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8 things to remember before your next wine tasting at home

by Kenny Wong September 18, 2015 3 min read 1 Comment

8 things to remember before your next wine tasting at home

Like most things in life, the more we do something, the better we get at it. Regular wine tasting sessions are the best way for anyone to learn about the subject. We can learn a lot more and at a faster clip if we invite like-minded friends to taste the wines and share notes, and compare them to notes written by the wine makers and wine writers.

There are lots of information on the internet on how to organise a wine tasting. So, instead of repeating the A to Z of hosting one, I will highlight 8 things. These are important, intuitive but often overlooked in the excitement of organising a wine tasting party at home. They address some of the questions and limitations you may face in a home setup.

1.    Host the tasting in a well lit room with a white table setting

Use a room with clear lighting so that you can see the wine clearly. Your eyes can tell you a lot about the wine in the glass; whether it is young or old, high in alcohol or not, or if it may be faulty. For example, the wine may look cloudy when you expect it to be clear, indicating that something may be wrong with it.

It is helpful if you have a white table cloth so that you can use it as a backdrop to look at the wine. If you don’t have a one, you can use normal A4 sized white paper for the same purpose.

2.    Ban colognes, perfumes and fragrances

Some wines have very delicate notes of flowers and fresh fruits. They can be overpowered easily by other scents in the room. Don’t light incense or put out flower arrangements. Likewise, remind your guests not to put on cologne and perfume.

3.    Provide each person with one good wine glass

If you have a lot of wine glasses at home and a large table, you can give everyone a full set of glasses, one glass for one wine. But if you don’t have enough to go around, one good glass per person is sufficient. A good piece should be clear with a stem so that you can swirl the wine without holding the glass bottom. I use Schott Zwiesel Ivento glasses regularly which are cheap and good.

After each tasting, don’t rinse the glass with water. The residual water will dilute the next wine. If the tasting sequence is correct, there’s no need to rinse out the previous wine. You can just pour the next wine into the same glass. For purists, you can rinse the glass with a little of the next wine before you actually pour the tasting portion. The tasting sequence is explained in point 6 below.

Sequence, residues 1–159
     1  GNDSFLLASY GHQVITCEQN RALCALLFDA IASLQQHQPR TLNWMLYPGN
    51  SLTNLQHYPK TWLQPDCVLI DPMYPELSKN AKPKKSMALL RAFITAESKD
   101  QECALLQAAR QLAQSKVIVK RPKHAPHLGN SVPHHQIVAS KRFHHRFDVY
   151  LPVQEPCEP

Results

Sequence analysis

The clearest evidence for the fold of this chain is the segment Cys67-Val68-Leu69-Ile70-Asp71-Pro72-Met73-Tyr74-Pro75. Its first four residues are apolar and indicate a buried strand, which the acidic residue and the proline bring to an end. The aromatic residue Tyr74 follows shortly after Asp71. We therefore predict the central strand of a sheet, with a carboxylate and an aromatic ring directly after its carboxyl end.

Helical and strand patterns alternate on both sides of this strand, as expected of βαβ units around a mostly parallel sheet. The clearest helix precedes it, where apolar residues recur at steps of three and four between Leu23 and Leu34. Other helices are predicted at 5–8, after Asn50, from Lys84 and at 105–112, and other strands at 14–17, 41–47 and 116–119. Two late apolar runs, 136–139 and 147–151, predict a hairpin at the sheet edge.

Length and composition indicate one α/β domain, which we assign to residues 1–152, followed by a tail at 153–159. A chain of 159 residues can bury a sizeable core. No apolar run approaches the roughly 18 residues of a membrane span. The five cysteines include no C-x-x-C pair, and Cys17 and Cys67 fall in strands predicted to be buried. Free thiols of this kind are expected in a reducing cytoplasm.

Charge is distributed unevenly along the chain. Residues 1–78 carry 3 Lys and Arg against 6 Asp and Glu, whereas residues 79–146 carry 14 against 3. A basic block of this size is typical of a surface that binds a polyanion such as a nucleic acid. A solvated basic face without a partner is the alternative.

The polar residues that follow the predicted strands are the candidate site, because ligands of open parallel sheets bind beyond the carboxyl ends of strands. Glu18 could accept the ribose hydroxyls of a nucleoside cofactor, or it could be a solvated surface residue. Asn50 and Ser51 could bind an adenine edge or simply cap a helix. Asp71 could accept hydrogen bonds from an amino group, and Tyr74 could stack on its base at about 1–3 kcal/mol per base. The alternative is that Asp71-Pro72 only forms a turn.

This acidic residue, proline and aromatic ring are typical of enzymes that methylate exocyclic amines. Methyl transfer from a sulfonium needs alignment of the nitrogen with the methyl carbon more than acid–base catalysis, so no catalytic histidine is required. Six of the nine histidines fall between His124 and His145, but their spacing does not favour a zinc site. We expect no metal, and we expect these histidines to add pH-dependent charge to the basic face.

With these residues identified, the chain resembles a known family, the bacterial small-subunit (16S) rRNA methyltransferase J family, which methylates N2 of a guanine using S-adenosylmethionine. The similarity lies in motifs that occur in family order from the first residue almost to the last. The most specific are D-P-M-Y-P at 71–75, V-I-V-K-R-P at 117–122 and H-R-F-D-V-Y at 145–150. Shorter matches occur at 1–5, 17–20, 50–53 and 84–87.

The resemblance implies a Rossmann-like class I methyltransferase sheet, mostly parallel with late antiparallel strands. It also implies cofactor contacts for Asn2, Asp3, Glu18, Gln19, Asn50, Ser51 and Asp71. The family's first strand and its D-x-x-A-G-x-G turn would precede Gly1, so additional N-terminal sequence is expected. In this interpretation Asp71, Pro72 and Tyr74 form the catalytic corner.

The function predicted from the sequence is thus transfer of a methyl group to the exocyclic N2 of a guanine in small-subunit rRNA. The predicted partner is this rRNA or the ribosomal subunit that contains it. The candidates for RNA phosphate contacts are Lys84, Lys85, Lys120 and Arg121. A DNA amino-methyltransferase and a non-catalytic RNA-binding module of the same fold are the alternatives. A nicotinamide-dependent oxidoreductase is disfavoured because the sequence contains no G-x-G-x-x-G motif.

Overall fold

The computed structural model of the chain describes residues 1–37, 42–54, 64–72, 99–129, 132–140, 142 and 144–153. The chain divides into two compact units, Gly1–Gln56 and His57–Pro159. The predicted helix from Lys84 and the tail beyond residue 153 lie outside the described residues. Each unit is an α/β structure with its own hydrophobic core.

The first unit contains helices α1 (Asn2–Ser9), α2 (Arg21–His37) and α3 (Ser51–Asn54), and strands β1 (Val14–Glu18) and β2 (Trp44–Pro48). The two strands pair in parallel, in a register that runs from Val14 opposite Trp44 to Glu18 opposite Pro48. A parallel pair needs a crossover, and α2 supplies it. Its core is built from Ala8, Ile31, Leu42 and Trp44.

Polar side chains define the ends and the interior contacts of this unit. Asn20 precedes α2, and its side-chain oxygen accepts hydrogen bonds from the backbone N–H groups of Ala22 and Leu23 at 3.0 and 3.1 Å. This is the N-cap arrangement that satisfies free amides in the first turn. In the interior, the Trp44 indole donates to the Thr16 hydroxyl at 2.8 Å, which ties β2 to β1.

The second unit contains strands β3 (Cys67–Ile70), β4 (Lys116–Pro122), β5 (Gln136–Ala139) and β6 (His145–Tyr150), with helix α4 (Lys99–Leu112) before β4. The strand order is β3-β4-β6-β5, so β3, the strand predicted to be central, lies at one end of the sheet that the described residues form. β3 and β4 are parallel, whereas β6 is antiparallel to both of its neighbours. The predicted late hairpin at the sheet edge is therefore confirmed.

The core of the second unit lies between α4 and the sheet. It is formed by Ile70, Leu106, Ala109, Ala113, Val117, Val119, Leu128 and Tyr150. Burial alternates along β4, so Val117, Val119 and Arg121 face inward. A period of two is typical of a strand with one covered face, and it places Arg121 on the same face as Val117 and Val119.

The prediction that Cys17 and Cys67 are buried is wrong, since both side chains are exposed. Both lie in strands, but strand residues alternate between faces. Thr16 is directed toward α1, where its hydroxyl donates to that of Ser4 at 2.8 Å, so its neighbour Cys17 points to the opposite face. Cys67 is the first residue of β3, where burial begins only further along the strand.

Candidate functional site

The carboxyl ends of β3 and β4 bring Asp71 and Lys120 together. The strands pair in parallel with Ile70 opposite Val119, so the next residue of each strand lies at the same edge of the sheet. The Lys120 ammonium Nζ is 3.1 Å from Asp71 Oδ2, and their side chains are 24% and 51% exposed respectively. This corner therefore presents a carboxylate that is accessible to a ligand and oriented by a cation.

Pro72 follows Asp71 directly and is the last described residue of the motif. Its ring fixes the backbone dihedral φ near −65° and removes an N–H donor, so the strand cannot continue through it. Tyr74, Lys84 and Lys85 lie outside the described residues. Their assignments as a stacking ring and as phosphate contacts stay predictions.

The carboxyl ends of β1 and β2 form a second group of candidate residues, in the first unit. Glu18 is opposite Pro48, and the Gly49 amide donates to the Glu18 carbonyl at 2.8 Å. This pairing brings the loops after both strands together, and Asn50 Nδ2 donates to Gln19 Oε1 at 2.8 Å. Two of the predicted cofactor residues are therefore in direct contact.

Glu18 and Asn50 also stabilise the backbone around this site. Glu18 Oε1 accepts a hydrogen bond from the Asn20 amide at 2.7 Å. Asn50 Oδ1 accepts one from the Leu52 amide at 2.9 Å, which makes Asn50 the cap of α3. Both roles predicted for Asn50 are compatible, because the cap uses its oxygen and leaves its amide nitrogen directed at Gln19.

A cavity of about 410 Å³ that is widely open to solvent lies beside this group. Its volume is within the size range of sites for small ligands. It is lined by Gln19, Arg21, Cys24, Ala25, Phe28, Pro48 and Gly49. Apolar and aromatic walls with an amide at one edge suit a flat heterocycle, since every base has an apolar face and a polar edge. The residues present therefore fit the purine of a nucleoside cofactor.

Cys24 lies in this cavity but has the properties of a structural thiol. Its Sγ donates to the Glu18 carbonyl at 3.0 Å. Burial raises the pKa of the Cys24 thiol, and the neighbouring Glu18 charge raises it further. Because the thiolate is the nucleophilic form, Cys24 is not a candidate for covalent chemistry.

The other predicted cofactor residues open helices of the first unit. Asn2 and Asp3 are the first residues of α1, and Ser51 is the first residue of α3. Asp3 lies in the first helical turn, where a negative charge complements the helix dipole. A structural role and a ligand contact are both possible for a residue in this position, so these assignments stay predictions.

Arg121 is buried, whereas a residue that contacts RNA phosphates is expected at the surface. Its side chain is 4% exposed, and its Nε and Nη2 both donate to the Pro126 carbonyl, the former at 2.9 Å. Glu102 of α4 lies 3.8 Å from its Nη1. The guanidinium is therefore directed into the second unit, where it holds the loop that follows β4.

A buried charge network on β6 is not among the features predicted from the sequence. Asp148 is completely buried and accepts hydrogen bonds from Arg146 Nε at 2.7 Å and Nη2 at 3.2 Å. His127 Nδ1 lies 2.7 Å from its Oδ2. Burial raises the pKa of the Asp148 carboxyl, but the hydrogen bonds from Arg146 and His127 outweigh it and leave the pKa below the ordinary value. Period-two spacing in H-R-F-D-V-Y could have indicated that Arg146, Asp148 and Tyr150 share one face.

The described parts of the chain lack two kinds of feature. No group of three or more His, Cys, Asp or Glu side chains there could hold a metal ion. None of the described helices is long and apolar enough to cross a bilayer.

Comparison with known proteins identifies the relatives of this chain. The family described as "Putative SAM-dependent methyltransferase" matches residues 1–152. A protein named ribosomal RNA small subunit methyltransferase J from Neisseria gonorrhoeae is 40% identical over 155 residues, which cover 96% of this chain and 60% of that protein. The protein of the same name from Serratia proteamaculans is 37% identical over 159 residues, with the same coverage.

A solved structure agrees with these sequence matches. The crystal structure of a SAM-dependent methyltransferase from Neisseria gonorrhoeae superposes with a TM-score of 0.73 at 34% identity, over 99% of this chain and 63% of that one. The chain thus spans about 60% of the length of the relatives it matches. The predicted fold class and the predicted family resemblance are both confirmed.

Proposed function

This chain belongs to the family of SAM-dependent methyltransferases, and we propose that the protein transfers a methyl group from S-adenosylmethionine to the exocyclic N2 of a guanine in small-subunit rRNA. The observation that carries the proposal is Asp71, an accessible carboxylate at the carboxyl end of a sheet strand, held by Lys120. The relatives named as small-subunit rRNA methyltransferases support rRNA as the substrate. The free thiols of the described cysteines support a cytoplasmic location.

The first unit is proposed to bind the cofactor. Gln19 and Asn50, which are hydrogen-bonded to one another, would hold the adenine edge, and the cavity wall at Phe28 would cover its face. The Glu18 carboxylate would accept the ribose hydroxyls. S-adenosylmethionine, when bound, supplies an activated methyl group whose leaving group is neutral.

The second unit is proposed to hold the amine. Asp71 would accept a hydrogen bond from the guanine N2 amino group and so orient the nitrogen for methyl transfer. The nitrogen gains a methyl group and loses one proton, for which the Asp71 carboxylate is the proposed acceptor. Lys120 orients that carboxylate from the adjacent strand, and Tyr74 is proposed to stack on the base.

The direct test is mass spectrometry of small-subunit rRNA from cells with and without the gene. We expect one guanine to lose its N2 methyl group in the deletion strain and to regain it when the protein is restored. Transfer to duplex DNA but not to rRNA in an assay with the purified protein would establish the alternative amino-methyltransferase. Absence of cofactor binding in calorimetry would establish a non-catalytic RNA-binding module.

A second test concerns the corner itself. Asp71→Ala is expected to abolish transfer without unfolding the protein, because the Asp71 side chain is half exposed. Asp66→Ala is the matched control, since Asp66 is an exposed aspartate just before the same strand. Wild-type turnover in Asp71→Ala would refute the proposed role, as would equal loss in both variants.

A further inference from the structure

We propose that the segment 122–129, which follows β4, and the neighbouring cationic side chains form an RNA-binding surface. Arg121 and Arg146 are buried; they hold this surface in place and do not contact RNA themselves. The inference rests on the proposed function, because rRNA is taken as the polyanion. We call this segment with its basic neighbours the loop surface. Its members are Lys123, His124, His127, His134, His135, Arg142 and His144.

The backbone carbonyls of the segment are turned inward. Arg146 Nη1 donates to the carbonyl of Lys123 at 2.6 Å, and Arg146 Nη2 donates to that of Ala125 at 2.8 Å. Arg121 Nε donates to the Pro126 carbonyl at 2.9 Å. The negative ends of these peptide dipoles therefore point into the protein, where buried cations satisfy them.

4.    Provide water and crackers

Provide some water and crackers to help freshen the palate during the tastings. I usually get hungry after a while as the acids start to play on my stomach so the crackers help keep me going. Don’t serve any other food during the session so that your palate is not affected by other flavours.

5.    Prepare two bottles per label for tasting

It’s always good to have a backup bottle in case the first bottle is corked or has other faults. One 750ml bottle has about 25oz. The tasting portion is around 2oz, so each bottle can pour about 12 glasses. This is perfect for a group of up to 6 persons, as everyone can have a second serving if needed.

6.    Tasting sequence

To avoid palate fatigue, wines should be tasted from whites to reds, lighter to fuller bodied, drier to sweeter. Here is the suggested sequence including sparkling and dessert wines.

7.    Don’t forget to chill the reds

Red wines should be chilled before the tasting. This keeps the alcohol under check. Wines warm up quickly even indoors in Singapore and you don’t want the alcohol to dominate the wine aromas. Put the red wines in the refrigerator for half an hour before the session.

8.    Bring along a notebook

Many people attend tasting sessions without bringing along their notebooks to jot down their impressions. By judiciously writing and keeping all your notes in one place, you will see that your wine vocabulary actually increases with time. There are a lot of smartphone apps now that allow us to jot down notes quickly and organise them into themes. I use Evernote for this.

Conclusion

I hope these eight points are useful for you to plan your next tasting session. They are by no means exhaustive so please leave your comments below on what else we should consider. If there are any other aspects with regard to organising a wine tasting session that you will like me to explore in my next post, please leave me your comments too.

Kenny Wong
Kenny Wong


1 Response

The Uniquely
The Uniquely

September 14, 2020

Thanks for sharing great idea for amazing wine party at home,I like tasting sequence tips most. Keep sharing more information.

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